One of the biggest problems was that I’d planned a bunch of soft foods without realizing that if I had the bone graft I wouldn’t be able to have dairy for four days. Or rather, I DID realize it, but the paperwork said “no uncooked dairy” and I thought that meant, like, no unpasteurized/raw dairy. But when the nurse was going over the after-care instructions and said no uncooked dairy, Paul said, just confirming it, “Like, no unpasteurized/raw dairy?,” and she said, “No: no uncooked dairy. You can have pasteurized dairy, but only if you heat it very hot first. Like, you can have cream in your coffee, but microwave the cream separately first.” Which was confusing, because that’s what I thought pasteurization already did: heated it very hot. And so what I’d planned on was cottage cheese, and meal-replacement shakes made with cream, and ice cream, and pudding, and smoothies, none of which seemed like they could be heated nice and hot, or at least not without making me feel a little nauseated thinking about it.

So that was a little discouraging, and I’ve been having trouble finding things I can eat. Applesauce. Scrambled eggs. Instant soup with those tiny noodles—but it can only be warm, not hot, per instructions. Coffee, too, can be warm but not hot. I’d thought that since it was a FRONT tooth, chewing wouldn’t be much of an issue, so I’m surprised to find it’s quite difficult to chew. I tried having a salad last night and eventually had to give up. I couldn’t seem to herd the leaves effectively.

All of these things pale in comparison to how I feel about the way I look. As with most things involving physical appearance, I am sure that my own feelings about the way I look dwarf the feelings OTHER people have about the way I look: like when someone else has a pimple and wants to stay in a dark room until it’s over, and I am like “You can barely even SEE it, stop drawing people’s attention to it by mentioning it!” But in our culture, missing teeth are fairly rare, particularly missing FRONT teeth. It IS a little shocking, it really IS, it’s not just me feeling self-conscious. It looks as if I blacked out a front tooth for a costume, and it’s approximately that weird to go out in public like that. I don’t think the photos I took really capture how shocking it looks in 3D. It seems as if it would startle/scare people about as much as a large bloody cheek wound.

Before I had the tooth pulled, I had an appointment at the dentist to make me a temporary-temporary tooth. I’ll have a longer-term temporary tooth (a “flipper”—like a tiny retainer that attaches to the two flanking teeth and holds a temporary fake tooth in place) at the end of next week, but this was to tide me over until then. (Normally they could have made the flipper ahead of time, but my dentist’s original plan was to attach my own removed tooth to the implant, which they couldn’t do until the tooth was extracted and they’d had time to modify it. I assume that plan is now off, since the implant couldn’t be installed after all—but maybe now they’ll make the flipper out of the extracted tooth? I don’t know.) They took molds of my teeth, and from those molds made a thin clear piece that covers all my top teeth. Have you ever had a custom whitening tray made, one that fits your particular teeth? That’s the same thing as this. Except that there is a fake tooth painted on to the inside of it:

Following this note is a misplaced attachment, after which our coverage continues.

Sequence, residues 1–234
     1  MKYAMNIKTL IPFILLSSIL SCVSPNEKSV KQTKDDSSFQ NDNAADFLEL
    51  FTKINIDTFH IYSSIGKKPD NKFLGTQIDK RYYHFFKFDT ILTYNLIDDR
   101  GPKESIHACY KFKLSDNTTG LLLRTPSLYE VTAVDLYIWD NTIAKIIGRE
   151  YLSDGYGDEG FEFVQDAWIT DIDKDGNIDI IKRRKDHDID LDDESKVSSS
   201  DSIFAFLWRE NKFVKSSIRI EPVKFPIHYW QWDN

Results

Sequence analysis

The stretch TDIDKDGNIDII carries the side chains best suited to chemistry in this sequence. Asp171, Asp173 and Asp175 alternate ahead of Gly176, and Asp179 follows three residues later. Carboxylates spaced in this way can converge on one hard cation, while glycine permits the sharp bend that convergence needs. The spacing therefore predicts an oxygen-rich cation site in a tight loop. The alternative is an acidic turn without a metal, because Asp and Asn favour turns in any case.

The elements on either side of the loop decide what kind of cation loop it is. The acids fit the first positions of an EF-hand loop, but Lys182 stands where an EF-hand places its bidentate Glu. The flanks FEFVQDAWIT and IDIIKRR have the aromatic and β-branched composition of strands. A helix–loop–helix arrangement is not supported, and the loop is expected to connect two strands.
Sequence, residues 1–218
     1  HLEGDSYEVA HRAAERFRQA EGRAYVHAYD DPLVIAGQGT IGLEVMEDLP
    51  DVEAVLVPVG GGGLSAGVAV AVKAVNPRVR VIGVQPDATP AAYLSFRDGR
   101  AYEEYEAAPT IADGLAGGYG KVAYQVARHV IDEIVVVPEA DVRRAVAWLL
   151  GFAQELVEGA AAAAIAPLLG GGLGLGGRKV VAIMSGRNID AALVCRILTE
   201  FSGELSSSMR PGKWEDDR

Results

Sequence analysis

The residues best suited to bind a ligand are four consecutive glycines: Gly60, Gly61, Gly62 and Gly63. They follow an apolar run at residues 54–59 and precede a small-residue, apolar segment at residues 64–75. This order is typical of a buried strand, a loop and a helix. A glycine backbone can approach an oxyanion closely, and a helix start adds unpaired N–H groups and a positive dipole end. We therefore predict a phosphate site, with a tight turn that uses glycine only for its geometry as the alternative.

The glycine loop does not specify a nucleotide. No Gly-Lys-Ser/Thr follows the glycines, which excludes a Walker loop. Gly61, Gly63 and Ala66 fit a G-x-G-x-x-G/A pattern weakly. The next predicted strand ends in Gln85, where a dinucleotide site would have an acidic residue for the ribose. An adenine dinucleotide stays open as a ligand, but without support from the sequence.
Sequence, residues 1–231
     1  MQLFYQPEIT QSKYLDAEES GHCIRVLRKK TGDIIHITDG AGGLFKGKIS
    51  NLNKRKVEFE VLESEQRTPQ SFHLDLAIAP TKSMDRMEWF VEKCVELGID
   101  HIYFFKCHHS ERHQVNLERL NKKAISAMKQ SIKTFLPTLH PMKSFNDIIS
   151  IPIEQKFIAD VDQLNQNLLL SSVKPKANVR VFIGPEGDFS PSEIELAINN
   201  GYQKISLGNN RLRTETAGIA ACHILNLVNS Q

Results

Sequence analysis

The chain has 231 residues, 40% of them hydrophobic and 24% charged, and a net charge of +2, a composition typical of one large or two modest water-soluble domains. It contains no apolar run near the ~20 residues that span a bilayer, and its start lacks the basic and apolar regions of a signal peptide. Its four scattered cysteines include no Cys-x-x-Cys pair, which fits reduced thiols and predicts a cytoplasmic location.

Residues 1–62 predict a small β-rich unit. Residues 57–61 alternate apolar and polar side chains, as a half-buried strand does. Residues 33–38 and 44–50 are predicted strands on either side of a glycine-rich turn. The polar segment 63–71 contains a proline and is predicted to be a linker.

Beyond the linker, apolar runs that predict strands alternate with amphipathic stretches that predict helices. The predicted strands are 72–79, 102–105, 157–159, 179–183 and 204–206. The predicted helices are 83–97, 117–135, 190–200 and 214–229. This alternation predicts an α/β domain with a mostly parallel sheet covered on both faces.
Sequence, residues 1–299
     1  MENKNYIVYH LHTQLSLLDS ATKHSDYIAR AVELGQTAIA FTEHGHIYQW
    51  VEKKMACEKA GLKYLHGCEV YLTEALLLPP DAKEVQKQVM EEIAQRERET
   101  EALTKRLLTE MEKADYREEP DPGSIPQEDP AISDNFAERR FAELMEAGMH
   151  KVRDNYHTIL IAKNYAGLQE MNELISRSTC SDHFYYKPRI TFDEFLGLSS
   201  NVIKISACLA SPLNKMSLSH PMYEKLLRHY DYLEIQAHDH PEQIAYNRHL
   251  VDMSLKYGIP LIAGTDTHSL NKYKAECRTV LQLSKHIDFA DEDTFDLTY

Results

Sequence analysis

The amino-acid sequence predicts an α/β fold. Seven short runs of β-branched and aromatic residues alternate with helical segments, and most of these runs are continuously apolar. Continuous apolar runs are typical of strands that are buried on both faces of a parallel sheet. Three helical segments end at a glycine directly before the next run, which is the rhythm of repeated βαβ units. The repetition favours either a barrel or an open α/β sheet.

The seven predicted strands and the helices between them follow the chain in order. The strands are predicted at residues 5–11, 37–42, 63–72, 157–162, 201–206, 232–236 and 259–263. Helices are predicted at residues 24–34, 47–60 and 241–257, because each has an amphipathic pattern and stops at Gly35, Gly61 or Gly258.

When I wear this, it takes away the Startle Factor:

(My face is so red because I recently had a bag of frozen peas pressed to it. I did not sufficiently plan out this photo session.)

It’s pretty okay, especially in a small photo. But in real life, or closer up, it doesn’t look right. There’s a black gap where the painted-tooth doesn’t quite cover. And more importantly, the tray gets spit in it. And since it’s normal for spit to be blood-tinged for a few days after the extraction, what happened when I put the temporary-temporary tooth in was that the tray immediately filled with blood, masking all my front teeth, giving what I think I can safely call a far-worse effect than the missing tooth. If you need to schedule a tooth extraction, may I suggest scheduling nearer Halloween?

Also, the little tray is uncomfortable, and if I wear it too long the extraction site starts feeling kind of icky and achy. I can’t talk clearly with it in, which is tiring. If I smile naturally, my lip goes over the top of the tray and gets stuck there. I wore it to my first ceramics class (more on this another time) and I didn’t feel like myself at all: I hadn’t realized how often I smile until I couldn’t do it, and I was minimizing my words because I was hard to understand and self-conscious about the tray, and I was worried the tray was getting bloody without me realizing it, and by the time class was over I was exhausted from the effort of being Normal Human.

Last night I was moping and Paul said, “Is there anything I can do to make this better?,” and I said, with one hand covering my gappy mouth, “No. I can’t eat right, I can’t talk right, and no one can look at me. It’s just going to be miserable for awhile.” I can’t believe there’s more than a week until I get the temporary tooth, and even THAT is going to be on a little flipper I have to take out when I eat. But it should be more comfortable to talk and smile, and that will be a big relief.